I used to think body flexibility is something cool. I first read about yoga from The Star in the last quarter of 2007, and I visited one of the yoga center featured in the article. I have forgotten the yoga center name, but I remembered it was located in Bangsar. After getting the first taste of yoga, I looked for a yoga center located nearer to the place I stayed, which previously was in SS2.
I dropped by at Manasa Yoga after work one day, and was “entertained” by a senior student, who described to me the packages. So, I started my first class on Feb 1, 2008. When I first joined, I took the once a week basic class package, which cost me about RM 60 for 4 classes (if I don’t remember wrongly) at that time. As a new student, I was sent to the middle of the class so that I can follow the steps of the regular students. My first teacher was Annie. She was real patient in explaining to me the steps and poses. I vividly remember how she asked me to “open up my heart” when doing the poses (because it resulted to real chest pain the next day). I actually felt quite enlighten in my first class.
On my subsequent second class, it was when I got “hooked” to doing yoga. My second teacher was Sook Yee, who also explained patiently to me as a new student. She cares a lot for her student, in the sense that she will always advice her students not to “overdo” the poses, as it would hurt our bodies. At one point, when she accidentally touched my cold feet (which is normal to my body), she thought I wanted to faint. And, I had to comfort her that I was fine.
It was after I completed the 4th class (or 8th class); I started to take on the unlimited classes, which previously was priced at RM 100 per month.
Also, at that time, since my ex-boyfriend (now husband) was busy at work and has a lot of overtime to do, I had nothing meaningful to do (and wanted to find something more meaningful to do), wanted to do something that also does not cost much (as we were still saving for bigger life goals), needed some motivation and it wasn’t that “exciting” to stay long night hours at a renting place, I thought daily yoga would be the best thing to do. During some days, I even went for 3 hours continuous classes. It was also through the hours of practice that I came to understand more about my own body, finding focus and cultivate a positive way of thinking (open up my mind). I gained a lot of body flexibility during those days when I do daily practice. It also helped me build my self-confidence, as I managed to do poses that I used to think it was impossible. The daily practices went almost for two years. [So, my period of review is between 2008 to 2010]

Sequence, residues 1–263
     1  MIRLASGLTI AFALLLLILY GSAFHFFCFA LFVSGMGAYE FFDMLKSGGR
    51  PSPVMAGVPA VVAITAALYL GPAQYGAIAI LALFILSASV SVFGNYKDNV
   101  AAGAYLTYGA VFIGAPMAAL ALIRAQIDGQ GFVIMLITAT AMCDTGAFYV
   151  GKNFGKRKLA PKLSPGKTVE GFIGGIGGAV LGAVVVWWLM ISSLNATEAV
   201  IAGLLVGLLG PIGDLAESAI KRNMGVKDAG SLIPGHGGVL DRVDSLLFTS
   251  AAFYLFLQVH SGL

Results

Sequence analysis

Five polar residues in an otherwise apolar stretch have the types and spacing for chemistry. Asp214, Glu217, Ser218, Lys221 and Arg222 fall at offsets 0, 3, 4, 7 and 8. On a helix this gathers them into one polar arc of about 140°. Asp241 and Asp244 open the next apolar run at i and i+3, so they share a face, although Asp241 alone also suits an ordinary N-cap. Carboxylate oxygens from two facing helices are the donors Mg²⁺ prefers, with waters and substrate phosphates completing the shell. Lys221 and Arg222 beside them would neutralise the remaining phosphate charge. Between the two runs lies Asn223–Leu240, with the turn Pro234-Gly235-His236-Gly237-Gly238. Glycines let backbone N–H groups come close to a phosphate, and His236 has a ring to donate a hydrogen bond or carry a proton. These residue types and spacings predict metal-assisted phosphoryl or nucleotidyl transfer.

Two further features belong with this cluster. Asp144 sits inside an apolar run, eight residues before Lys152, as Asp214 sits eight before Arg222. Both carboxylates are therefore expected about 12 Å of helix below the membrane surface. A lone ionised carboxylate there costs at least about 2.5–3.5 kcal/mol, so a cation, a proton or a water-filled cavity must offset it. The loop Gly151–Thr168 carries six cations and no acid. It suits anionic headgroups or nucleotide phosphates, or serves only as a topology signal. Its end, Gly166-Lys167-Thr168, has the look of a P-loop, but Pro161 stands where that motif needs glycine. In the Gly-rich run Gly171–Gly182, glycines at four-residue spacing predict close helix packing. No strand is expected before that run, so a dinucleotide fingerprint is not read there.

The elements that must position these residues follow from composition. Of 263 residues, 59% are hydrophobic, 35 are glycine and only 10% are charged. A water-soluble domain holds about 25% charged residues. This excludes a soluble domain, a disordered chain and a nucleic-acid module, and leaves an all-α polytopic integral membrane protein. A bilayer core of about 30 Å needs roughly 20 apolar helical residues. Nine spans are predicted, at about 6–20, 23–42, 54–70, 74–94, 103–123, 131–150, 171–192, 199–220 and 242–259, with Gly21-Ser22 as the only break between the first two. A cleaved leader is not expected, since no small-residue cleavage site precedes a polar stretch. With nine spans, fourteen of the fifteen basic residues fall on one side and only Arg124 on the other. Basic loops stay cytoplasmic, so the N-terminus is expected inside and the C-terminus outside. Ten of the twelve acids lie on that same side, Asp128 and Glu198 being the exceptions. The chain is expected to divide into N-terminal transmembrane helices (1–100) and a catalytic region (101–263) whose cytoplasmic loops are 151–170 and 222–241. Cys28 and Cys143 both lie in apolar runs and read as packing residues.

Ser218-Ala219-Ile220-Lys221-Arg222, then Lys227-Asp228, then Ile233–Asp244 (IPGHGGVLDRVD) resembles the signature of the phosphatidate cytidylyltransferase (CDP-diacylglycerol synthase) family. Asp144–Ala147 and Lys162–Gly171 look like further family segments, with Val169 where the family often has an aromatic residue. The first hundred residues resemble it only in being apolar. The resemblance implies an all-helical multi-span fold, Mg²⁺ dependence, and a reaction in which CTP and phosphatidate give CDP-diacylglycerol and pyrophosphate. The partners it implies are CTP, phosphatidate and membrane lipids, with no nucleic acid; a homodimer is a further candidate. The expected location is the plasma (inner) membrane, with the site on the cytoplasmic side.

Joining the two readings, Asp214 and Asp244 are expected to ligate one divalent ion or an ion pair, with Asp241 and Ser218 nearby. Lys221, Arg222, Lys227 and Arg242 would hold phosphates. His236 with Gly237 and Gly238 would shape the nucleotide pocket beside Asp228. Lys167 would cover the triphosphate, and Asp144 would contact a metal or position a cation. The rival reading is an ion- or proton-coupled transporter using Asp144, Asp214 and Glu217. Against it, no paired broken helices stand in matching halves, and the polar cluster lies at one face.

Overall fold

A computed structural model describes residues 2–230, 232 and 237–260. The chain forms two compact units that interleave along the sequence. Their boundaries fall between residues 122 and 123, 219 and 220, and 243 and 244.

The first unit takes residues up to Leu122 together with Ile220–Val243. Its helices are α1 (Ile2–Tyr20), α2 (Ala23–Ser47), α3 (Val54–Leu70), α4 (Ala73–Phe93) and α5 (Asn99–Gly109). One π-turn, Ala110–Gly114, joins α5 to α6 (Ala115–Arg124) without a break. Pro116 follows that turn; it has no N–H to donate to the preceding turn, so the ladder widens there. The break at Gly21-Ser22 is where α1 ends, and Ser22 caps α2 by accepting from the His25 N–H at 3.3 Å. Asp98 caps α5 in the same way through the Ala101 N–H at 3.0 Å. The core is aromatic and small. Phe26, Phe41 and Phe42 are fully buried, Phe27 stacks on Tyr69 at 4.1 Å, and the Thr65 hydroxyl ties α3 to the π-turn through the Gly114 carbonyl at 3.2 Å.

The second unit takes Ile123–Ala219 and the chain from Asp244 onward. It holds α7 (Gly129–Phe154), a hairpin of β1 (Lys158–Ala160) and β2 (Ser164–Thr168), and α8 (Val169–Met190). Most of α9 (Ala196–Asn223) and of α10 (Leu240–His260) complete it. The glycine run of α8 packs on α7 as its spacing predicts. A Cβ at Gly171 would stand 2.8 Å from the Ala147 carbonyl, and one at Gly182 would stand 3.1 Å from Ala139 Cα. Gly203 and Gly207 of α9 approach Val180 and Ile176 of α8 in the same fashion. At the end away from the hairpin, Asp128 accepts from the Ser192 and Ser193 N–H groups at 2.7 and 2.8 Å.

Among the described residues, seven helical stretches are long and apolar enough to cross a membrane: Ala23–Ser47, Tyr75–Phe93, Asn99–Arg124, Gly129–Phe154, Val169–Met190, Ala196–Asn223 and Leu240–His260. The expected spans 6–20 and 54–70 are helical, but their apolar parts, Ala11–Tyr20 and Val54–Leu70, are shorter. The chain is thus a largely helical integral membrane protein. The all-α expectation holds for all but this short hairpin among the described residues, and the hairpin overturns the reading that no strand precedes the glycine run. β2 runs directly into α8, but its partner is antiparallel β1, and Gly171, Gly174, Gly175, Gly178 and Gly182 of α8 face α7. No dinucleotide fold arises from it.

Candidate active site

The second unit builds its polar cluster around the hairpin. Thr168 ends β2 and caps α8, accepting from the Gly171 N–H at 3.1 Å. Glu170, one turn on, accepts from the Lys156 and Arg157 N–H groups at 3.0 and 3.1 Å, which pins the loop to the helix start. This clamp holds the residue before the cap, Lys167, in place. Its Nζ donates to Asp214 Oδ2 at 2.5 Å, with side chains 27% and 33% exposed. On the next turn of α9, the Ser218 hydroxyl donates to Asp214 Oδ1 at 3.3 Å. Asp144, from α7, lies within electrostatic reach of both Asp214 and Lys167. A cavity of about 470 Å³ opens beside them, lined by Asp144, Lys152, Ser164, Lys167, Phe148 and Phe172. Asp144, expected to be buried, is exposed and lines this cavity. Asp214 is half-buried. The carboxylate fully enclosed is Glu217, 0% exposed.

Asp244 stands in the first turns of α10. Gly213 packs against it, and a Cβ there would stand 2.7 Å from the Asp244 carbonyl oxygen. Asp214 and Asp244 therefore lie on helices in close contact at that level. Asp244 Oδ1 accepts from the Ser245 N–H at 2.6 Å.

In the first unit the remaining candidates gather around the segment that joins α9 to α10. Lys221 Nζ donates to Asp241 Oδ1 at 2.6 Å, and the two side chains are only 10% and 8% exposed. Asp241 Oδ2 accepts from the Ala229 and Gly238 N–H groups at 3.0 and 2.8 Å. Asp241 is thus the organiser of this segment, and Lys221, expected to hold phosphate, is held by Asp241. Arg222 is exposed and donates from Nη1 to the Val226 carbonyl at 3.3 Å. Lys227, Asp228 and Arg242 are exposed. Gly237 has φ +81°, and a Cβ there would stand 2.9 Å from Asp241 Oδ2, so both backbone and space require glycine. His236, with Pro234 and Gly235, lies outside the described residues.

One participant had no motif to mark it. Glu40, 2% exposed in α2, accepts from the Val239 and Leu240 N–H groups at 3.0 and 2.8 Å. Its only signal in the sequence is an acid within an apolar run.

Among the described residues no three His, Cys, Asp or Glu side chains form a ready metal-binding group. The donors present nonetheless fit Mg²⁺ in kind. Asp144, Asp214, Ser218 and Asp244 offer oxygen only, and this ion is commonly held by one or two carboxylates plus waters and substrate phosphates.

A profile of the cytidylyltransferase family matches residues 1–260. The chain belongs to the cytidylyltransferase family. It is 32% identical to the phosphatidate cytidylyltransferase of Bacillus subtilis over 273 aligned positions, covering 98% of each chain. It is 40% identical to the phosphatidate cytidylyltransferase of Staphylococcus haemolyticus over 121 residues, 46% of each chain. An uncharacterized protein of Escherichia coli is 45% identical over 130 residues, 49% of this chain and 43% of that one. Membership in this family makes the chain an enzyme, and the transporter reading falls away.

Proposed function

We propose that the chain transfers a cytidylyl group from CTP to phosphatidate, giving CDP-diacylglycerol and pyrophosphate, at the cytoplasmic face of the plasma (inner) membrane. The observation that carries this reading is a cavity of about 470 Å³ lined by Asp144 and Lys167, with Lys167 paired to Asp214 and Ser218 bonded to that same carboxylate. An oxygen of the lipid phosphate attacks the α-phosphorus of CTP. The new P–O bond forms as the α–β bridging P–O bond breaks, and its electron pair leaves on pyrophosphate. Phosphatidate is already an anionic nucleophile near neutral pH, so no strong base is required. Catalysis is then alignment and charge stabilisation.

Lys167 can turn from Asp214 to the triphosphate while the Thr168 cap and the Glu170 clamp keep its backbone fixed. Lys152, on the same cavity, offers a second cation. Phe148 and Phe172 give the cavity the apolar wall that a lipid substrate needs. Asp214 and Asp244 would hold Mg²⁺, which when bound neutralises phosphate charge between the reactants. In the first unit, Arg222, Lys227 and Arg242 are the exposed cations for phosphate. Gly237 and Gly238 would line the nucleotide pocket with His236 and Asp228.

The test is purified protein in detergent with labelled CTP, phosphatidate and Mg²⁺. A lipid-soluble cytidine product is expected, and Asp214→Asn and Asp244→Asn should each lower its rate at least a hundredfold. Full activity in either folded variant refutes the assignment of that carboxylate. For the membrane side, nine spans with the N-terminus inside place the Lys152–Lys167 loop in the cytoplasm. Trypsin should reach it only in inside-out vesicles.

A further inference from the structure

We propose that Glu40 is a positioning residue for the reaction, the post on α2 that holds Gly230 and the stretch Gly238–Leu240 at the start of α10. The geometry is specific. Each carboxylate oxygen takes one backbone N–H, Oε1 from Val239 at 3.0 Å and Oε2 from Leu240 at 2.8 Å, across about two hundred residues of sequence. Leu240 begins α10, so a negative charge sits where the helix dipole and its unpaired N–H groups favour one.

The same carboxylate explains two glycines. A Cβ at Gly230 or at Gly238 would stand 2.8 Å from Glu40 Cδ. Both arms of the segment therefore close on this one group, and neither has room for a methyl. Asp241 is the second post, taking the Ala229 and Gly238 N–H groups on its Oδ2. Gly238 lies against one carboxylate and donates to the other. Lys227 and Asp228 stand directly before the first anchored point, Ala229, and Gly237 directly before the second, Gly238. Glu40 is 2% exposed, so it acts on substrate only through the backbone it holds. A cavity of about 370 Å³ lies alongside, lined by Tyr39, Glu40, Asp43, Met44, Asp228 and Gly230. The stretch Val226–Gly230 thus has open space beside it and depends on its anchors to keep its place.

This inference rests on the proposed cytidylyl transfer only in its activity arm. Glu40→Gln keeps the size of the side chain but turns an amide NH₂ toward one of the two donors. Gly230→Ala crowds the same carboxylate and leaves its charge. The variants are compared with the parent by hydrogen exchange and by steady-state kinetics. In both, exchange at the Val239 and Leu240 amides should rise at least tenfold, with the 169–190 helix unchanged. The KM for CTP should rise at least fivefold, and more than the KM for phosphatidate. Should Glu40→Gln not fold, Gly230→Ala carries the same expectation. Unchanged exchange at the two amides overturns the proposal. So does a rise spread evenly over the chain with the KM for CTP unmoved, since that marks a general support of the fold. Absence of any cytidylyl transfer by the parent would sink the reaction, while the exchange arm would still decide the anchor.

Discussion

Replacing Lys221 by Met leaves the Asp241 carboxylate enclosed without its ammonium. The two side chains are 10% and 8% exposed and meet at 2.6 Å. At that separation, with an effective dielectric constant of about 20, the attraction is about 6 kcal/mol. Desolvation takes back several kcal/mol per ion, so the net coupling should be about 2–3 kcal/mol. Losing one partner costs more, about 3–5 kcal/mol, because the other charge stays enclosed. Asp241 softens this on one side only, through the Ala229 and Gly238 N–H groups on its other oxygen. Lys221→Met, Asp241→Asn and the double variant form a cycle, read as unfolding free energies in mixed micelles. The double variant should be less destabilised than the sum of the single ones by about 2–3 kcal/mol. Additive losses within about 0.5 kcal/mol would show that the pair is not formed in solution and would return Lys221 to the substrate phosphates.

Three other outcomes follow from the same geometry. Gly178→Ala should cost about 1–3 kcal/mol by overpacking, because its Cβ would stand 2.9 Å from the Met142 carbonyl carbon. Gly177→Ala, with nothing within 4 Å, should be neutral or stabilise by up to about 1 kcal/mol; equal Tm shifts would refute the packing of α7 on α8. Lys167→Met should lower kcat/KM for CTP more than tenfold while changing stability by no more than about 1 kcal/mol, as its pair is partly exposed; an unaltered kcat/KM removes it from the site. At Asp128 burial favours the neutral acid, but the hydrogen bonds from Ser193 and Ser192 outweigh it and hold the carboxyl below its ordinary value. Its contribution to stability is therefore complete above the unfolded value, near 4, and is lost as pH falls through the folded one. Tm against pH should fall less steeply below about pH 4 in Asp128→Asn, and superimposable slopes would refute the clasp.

I have went through most (if not all) of the Manasa Yoga’s teachers’ classes – Penny, Mei Leng, Julie, Lily, Jean, Senli, Rouxin, Kwan, Sandhya and Manoj. Each teacher, though follows a “schedule” or steps of teaching (if I am not mistaken), has their own personal styles and this makes each of them unique. For instance, Lily teaches in a very enthusiastic way on a Saturday morning while Jean teaches in a very subtle way – carefully thinking, observing and adjusting her students’ pose.
The fees charged are at affordable level (which you may want to check with them, as it was revised since I last left the basic level since last year, 2010 after we moved into our new place, which is located slightly further away from the center). It is value for money especially for unlimited package – and if you are a regular who goes there almost everyday. Currently, I am still with Manasa Yoga and moved on to intermediate level two (not that I am that good, but because I have less time for yoga now – and why not a “higher” level?). Honestly speaking, I still think daily (basic) practice is better than once a week intermediate level 2 practice, given that I feel I lost some body flexibility.
I have not been to any other yoga center after I started there, and thus I may not be able to make a good comparison. But, I do think Manasa Yoga is a good place to start yoga practice because the teachers provide an authentic yoga experience for students, give personal touch/ coaching (even after yoga hours – i.e. after class) and bring (non-offensive) humour into class. Sometimes during classes, the teachers could “preach” or provide insightful tips about body & life. One can find morale values out of the stories given (if you truly listen to it). However, it may not be the kind of lifestyle fitness centre that yuppies may be looking for (for instance, those who aim for luxurious shower and Jacuzzi).